Today I’ve been working on figuring out what the final composition will generally look like so I know where to focus my efforts as far as detailing the chair and modeling the other components. Here are a couple renders of the two concepts I’m thinking about. Obviously, everything is pretty rough. I’m just trying to visualize the layout. Any suggestions?

(BTW, the guy is a model that I found on the net. I’ll probably use this as a starting point when I make the final guy, unless somebody knows of a better model out there that I can work from).


It would be funny if you used Pantin!

Hehe :yes:

The easiest way I’ve found to do “tricky” lighting is with compositing. Set up the lights the way you think you want them, then run each of them (or, each group) out as a separate render-layer. (Substitute a reflection-only material in the layer block.)

Once you have each element of the shot separated, it’s straightforward to combine them, to mask off light “spills,” and so on. Point is, you’re not “endlessly re-rendering” to get there.

Nice modeling. I hope you’re already writing the tutorial on how you did that chair. :yes:

Don’t worry … the Gallery has plenty of room left. :cool:

Thanks for the tip! I’ll definitely keep that in mind as I work on lighting this thing.

After watching this tutorial series ( I started working on modeling the head of guy that will be in the final shot but I am having a hard time with the topology. It’s my first head model and I feel like it’s not working out. I think one way I went wrong was putting in too much detail too soon. I’m still working with it, trying to pull it through, but I wonder if anyone has an pointers in general for this mesh.

Is it really messed up? Is it okay? What are ways I can improve it? Do I need to just start again from scratch and put in less detail until everything is filled in?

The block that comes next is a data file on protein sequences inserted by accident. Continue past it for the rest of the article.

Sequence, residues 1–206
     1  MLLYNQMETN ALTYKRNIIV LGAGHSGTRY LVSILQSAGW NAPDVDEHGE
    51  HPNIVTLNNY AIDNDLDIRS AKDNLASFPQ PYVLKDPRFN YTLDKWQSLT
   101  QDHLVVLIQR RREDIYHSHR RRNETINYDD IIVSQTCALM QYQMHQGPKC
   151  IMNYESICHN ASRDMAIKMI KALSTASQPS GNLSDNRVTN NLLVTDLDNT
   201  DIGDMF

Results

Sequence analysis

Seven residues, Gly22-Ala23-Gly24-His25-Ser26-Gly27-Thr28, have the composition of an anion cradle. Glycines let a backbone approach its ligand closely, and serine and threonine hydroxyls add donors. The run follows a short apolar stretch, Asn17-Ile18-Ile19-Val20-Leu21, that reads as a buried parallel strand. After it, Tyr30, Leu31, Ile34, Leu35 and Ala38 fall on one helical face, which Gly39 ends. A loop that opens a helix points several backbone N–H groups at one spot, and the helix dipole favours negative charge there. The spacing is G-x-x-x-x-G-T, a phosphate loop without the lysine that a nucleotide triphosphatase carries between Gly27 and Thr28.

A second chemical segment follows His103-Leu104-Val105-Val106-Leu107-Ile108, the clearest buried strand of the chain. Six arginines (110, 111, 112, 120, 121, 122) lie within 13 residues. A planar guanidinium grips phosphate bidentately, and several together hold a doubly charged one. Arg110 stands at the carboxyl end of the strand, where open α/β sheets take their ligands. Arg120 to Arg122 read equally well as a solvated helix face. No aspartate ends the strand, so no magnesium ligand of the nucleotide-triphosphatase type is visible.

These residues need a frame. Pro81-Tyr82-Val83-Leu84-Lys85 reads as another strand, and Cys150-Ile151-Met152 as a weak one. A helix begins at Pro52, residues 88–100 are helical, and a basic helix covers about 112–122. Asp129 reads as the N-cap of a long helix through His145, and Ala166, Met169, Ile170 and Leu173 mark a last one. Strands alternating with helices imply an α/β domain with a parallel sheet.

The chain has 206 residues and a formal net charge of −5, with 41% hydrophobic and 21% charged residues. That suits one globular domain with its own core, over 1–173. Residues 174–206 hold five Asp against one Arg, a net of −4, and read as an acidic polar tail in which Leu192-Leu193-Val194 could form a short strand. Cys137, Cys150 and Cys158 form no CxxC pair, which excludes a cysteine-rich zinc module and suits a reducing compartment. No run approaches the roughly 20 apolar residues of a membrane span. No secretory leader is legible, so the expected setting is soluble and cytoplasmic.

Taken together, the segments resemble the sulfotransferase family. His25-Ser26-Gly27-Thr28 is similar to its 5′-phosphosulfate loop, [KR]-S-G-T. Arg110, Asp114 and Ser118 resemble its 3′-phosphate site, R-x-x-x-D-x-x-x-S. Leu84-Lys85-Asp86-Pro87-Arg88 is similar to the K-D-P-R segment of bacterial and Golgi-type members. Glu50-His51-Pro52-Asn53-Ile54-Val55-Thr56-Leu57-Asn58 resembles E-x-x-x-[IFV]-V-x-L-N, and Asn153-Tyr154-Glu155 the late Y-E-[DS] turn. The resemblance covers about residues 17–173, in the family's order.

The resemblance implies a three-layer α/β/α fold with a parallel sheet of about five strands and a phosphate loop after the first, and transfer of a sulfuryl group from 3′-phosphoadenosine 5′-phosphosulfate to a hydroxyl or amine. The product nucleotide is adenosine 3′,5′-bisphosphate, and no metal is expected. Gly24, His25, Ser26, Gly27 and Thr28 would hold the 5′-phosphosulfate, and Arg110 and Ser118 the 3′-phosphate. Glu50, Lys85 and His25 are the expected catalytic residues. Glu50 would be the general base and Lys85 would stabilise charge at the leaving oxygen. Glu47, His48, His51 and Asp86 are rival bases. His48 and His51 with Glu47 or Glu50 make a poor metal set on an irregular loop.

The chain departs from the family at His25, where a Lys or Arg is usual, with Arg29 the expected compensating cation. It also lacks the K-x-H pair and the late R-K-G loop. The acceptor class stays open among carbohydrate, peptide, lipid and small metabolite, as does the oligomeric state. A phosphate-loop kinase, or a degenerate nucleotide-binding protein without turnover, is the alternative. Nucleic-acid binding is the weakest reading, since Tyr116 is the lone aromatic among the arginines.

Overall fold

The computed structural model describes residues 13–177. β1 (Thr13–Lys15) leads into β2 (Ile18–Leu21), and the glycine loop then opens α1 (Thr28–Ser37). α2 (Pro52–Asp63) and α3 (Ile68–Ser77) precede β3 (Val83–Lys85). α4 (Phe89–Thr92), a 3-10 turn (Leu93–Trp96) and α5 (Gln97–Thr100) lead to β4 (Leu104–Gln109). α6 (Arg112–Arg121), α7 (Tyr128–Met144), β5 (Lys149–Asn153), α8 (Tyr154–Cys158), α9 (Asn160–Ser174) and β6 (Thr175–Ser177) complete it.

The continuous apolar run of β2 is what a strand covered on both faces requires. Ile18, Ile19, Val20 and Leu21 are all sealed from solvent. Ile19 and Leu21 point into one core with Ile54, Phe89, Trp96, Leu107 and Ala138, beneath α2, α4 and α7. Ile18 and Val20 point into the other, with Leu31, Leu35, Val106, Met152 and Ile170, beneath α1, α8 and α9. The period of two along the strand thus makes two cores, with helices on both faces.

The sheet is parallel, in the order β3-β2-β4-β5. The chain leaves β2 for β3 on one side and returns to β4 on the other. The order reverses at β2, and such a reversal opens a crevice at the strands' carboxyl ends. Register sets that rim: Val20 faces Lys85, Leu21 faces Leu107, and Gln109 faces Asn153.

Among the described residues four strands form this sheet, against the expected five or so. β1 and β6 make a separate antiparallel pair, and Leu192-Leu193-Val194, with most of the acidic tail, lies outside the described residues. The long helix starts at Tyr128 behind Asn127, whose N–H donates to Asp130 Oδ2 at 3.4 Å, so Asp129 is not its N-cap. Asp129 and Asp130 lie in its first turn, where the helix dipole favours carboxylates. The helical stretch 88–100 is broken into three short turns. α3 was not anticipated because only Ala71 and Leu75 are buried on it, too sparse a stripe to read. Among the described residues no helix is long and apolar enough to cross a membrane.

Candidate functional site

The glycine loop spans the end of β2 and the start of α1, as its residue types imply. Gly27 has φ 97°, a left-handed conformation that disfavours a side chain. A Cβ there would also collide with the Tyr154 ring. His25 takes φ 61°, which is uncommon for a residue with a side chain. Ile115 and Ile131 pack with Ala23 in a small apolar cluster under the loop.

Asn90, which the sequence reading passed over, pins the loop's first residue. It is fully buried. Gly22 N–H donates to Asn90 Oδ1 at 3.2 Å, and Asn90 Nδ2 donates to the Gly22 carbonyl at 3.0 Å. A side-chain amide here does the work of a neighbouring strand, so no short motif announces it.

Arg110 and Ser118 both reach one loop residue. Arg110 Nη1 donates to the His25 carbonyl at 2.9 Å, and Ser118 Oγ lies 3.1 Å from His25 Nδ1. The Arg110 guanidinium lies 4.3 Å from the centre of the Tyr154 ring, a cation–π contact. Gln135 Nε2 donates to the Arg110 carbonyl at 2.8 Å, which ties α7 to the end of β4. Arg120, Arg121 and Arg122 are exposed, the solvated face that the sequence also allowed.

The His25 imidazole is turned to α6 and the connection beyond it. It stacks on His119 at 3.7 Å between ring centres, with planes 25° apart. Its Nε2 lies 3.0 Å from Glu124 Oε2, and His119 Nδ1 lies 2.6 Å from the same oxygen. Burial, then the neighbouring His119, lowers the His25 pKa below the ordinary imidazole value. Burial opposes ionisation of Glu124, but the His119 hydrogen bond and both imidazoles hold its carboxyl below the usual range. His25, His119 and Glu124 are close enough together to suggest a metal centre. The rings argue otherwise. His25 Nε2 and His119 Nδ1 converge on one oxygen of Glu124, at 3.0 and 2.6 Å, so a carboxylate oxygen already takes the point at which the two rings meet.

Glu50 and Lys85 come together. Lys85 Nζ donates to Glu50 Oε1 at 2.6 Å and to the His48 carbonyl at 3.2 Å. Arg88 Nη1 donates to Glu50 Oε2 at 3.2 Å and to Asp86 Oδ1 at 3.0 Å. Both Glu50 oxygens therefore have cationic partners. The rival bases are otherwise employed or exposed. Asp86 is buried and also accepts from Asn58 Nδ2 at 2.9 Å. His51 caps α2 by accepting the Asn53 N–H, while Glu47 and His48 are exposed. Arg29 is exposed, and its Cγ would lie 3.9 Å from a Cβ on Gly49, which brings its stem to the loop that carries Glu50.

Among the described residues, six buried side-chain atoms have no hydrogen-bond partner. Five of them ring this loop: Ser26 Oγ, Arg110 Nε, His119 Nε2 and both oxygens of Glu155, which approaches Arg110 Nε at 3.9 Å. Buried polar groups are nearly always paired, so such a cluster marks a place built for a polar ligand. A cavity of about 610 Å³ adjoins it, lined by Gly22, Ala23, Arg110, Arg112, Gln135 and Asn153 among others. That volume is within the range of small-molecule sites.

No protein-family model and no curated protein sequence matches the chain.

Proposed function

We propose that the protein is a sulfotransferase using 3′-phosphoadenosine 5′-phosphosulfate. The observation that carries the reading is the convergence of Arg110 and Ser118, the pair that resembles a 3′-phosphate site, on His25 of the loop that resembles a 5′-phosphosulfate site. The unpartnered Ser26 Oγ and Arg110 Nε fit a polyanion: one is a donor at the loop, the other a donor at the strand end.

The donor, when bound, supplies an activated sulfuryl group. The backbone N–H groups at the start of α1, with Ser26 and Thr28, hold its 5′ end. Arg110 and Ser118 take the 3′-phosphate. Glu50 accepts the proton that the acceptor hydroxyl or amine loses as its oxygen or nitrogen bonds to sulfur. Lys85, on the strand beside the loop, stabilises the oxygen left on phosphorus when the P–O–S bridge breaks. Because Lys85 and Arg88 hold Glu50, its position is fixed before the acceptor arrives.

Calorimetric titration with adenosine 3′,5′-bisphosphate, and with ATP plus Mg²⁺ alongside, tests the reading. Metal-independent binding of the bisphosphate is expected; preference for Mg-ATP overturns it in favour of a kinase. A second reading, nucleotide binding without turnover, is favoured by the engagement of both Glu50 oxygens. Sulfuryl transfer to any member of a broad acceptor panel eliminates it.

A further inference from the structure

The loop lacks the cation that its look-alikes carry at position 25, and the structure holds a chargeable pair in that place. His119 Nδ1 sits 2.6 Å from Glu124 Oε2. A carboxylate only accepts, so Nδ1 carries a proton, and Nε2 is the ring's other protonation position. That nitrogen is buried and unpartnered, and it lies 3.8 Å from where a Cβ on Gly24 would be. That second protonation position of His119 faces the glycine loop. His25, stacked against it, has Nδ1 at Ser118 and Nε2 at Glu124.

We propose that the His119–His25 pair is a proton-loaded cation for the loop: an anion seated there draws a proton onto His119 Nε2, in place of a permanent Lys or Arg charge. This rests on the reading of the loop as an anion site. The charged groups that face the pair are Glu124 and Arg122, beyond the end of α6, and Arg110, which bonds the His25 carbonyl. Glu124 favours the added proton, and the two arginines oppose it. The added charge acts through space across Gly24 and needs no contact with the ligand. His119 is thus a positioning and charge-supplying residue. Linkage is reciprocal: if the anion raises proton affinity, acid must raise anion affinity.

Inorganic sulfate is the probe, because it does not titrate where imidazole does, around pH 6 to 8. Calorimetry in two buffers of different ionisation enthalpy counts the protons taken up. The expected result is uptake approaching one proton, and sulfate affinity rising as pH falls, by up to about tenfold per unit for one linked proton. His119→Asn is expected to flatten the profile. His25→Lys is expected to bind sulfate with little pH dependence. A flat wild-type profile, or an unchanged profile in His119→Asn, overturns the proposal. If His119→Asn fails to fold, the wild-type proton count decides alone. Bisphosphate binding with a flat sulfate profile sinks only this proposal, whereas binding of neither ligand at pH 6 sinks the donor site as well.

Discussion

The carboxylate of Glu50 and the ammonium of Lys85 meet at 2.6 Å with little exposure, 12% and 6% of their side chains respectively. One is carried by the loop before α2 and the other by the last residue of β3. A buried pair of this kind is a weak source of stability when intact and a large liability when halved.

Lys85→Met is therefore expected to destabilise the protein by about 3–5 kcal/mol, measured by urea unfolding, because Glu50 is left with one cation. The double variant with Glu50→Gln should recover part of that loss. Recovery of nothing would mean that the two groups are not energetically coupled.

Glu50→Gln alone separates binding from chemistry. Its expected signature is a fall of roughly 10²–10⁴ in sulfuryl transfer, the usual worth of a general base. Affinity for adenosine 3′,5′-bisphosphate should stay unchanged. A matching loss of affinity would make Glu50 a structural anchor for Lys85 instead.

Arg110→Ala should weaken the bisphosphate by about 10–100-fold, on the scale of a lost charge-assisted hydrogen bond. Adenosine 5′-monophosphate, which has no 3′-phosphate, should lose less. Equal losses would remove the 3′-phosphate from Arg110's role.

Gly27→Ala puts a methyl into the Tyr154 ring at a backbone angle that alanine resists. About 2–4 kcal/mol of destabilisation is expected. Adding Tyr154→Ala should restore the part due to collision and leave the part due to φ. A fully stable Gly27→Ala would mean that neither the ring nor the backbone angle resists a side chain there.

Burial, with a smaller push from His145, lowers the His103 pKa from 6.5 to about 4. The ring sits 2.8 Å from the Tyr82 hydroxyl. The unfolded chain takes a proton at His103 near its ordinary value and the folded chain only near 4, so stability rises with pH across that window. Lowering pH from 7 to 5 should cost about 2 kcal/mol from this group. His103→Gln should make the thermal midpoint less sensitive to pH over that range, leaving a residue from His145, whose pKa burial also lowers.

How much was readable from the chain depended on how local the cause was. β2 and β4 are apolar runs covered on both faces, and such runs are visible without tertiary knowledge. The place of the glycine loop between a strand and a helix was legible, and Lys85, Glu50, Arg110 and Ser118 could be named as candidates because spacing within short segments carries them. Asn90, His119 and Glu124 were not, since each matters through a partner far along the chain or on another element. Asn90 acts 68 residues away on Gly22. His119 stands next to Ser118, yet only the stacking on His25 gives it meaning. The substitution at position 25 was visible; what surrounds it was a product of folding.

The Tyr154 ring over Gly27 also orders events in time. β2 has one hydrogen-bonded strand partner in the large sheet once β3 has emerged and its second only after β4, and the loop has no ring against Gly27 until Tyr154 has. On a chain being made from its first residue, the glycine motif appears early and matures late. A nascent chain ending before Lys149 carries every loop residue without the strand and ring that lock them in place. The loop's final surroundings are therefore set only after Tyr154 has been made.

I think the topology could be better, but it could also be a lot worse.
If you are going to animate this then a good topology is important but if you just want one still image then as long as it renders well you can get away with some iffy topology.

Really depends a lot on what you want to practice, modelling from scratch or modifying an existing mesh.

Another trick is if the solid model looks good in object mode then you could use it as a base to re-topo over the top of, concentrating more on topology than modelling the form.

There is a tut detailing head topology and one on topology flow
You may also find bits of blender useful - the episode before that could also be useful.

Thanks for the links, LoopyShane! I think those are going to be really helpful. The first one looks like it’s going to be a really good reference so I don’t have to search through all of his head modeling series videos to find references. And the other two answered a couple key questions for me.

I am thinking about starting over from scratch, and this time going step-by-step through Williamson’s tutorials. I watched them all before and then just dove in the next day on my own. But I think it will be valuable to do something a bit more directed. It’ll be good practice. Although, I’ll probably put some more time into my current mesh to see if I can salvage it; maybe then I’ll retopo. We’ll see.

Redirected a lot of the topology and used some diamonds to reduce the connection points in the ear. I’m feeling much better about this mesh now. It still needs a lot of detailing, but I feel the topology is pretty good now. Agree? Any pointers?


Okay, I’ve been doing a lot of detailing on the head model and things are starting to shape up, so here’s a render. I’m modeling my own head, so I don’t really need and C&C about my nose being too big or something like that, hehe ;)) I still have some more work to do to get it to match up, then I’m probably going to age the model to make it look like an old man.